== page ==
DULANY: And is it correct that you act sometimes in twos and threes, sometimes on your own around crises in the world?

TUTU: We -- I mean, it's almost all of those people who have a long agenda of their own. And -- but yes, we act together. I mean, for instance, on Zimbabwe, Kofi Annan, Jimmy Carter and Graca Machel went to highlight the plight of the people there.

DULANY: Or tried to go, right? Weren't they turned away?

TUTU: They were turned away trying to get in. But they were able to get people to come to them in Johannesburg.

We've also gone to Cyprus, because we're trying to encourage the two communal leaders, Greek Cypriot and Turkish Cypriot. We say, you won't get a better chance of the reunification of that island.

And although it wasn't a particularly -- I mean, it wasn't part of our agenda as Elders, after the elections in Kenya, I was invited and I went. But then Kofi came and did a superb job of work. But you know, they're also with Graca, who is the other Elder.

The first place we went to was the Sudan. We were seeking to highlight the plight of the IDPs in Darfur.

DULANY: Sorry, what's IDP?

TUTU: Internally displaced persons.

And we used the fact that President Carter has a very long relationship with the president of the Sudan, because his center has worked there in the health sphere.

We, but where we've also gone as the Elders is the Middle East.

We have met with the president. We didn't meet with Prime Minister Netanyahu; he was away at the time when we went. And -- I mean, we've gone, we been to Gaza and the West Bank.

DULANY: And do you feel that its been, it's had an impact?

TUTU: I would hope so. I would hope so. I would hope that, I mean, people might get to listen because we have no particular axe to grind.

DULANY: Right.

TUTU: I mean, we write to heads of state about Sri Lanka, for instance, and we tried to persuade governments to help the peacekeeping force in the Sudan. They were very poorly equipped, I mean, I think they had very, very few helicopters and things of that sort.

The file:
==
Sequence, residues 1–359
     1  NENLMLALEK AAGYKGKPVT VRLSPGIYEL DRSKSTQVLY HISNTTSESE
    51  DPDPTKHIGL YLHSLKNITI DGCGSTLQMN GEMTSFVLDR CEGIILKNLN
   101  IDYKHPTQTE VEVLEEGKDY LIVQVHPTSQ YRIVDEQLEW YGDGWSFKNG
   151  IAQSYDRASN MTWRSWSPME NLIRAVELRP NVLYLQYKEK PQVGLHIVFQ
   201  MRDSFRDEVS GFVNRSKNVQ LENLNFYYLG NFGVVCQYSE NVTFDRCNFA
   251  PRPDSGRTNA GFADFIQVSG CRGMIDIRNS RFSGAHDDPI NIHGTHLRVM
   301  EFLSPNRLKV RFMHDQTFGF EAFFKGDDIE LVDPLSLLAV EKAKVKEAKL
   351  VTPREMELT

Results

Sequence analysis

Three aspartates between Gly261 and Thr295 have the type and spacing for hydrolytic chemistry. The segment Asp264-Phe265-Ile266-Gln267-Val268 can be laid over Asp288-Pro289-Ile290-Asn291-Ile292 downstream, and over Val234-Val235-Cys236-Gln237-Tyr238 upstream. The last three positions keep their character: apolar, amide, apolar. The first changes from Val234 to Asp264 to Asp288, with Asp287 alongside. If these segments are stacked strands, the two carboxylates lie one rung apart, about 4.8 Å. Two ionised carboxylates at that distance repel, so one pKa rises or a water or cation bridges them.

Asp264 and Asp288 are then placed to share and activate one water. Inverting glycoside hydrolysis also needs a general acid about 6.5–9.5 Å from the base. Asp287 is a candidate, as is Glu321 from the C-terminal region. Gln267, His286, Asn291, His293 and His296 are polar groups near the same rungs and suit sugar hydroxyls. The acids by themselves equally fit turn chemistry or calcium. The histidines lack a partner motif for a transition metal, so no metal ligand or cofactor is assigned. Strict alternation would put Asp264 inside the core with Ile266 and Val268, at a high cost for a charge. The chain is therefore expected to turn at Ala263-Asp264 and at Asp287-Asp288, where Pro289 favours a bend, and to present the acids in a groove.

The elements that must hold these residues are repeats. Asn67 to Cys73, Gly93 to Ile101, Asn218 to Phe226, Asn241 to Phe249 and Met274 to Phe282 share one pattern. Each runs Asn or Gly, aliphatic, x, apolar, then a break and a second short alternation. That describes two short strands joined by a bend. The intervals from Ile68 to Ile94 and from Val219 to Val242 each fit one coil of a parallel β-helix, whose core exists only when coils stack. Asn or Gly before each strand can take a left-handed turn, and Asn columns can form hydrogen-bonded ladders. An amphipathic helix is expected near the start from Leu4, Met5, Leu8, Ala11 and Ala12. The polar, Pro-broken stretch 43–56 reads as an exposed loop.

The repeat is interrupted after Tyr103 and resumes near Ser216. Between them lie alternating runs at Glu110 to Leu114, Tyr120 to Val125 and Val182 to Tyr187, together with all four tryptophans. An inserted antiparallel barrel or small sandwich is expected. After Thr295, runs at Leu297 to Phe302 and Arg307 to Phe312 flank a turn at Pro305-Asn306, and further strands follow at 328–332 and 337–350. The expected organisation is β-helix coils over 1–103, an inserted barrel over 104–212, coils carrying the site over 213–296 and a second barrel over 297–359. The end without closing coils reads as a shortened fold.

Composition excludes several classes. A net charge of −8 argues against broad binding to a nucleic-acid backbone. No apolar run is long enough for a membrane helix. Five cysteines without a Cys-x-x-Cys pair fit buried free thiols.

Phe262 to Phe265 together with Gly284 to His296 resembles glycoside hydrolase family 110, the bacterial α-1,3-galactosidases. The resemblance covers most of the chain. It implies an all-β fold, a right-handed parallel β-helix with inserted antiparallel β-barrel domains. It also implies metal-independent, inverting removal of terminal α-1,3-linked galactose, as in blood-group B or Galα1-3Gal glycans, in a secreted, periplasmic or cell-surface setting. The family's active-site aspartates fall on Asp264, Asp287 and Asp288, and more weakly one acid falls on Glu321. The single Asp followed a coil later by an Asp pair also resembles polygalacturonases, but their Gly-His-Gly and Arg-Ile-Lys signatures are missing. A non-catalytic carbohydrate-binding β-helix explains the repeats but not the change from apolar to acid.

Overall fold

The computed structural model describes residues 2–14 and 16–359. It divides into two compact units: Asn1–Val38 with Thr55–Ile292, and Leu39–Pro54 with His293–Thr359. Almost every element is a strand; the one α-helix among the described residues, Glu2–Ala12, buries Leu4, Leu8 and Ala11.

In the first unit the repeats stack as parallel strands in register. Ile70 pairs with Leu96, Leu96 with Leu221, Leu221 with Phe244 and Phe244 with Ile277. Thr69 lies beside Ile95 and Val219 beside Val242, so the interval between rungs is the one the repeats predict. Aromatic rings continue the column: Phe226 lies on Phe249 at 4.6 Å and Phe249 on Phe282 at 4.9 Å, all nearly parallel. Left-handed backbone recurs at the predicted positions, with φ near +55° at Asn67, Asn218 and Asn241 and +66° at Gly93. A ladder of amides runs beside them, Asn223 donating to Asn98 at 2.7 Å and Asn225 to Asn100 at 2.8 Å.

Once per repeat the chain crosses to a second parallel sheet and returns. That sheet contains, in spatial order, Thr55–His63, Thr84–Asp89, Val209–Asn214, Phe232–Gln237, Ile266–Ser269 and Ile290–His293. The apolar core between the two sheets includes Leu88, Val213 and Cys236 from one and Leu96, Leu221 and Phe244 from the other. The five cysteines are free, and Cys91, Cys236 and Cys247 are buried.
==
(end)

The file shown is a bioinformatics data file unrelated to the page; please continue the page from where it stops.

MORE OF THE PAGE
DULANY: So let me just turn it over, if you don't mind, to the membership here, who I'm sure is dying to have questions.

TUTU: If I did? (Laughter.)

DULANY: If you did what?

TUTU: Well, you said if I don't mind, and -- (laughter) --

DULANY: Oh, yes. (Laughter, cheers.) Yeah, well, then -- so then --

TUTU: No, no. I'm just being --

DULANY: Funny?

TUTU: I love you. (Laughter.)

DULANY: Okay, nice save. (Laughs.)

Thank you. So -- oh, my goodness, we've got lots of hands here. So let me start with Cora.

And please state your name and affiliation when you ask your question, and please also make it a question, and keep it to one question.

QUESTIONER: Thank you. Thank you for your -- I'm Cora Weiss from Hague Appeal for Peace. Thank you for your advice to God and our president. (Laughter.)

TUTU: (Laughs.) Yes.

QUESTIONER: Thank you for your laughter. (Applause.)

QUESTIONER: Today, as you know, is International Women's Day, which started in 1910 as a celebration or a demand for gender-centered issues, but joining peace.

TUTU: Yes.

QUESTIONER: And I wondered if you could give us some advice, also, what you think about the participation of women -- of peace-centered women in decision-making for the world and for the Council on Foreign Relations. (Laughter.)

TUTU: Yes. I have, for a long time, said the world needs a revolution led by women. You -- all of you make sure that I have security. (Laughter.)

DULANY: I don't think you'll need it from the women.

TUTU: I don't -- I don't like the looks that I've been getting from the men. (Laughs.) (Laughter.)

But no, quite seriously -- actually, it is serious. Led by women who are feminine, not women who think that in order to make it, they have to ape men. Bringing -- bringing feminine attributes. The world needs the feminine attributes of affirming. I mean, women -- you have genes that say -- I mean, you bring to birth, you nurture. You -- yes, you affirm.

I mean, I have to tell you just about myself, to let you into a state secret. Men are, of God's creatures, the most insecure.

Can I go to the loo? (Laughter.)

DULANY: (Laughing.) No, you have to answer another question.

TUTU: No, no, I mean because this is actually quite serious.

And I was -- I was just going to tell you about myself.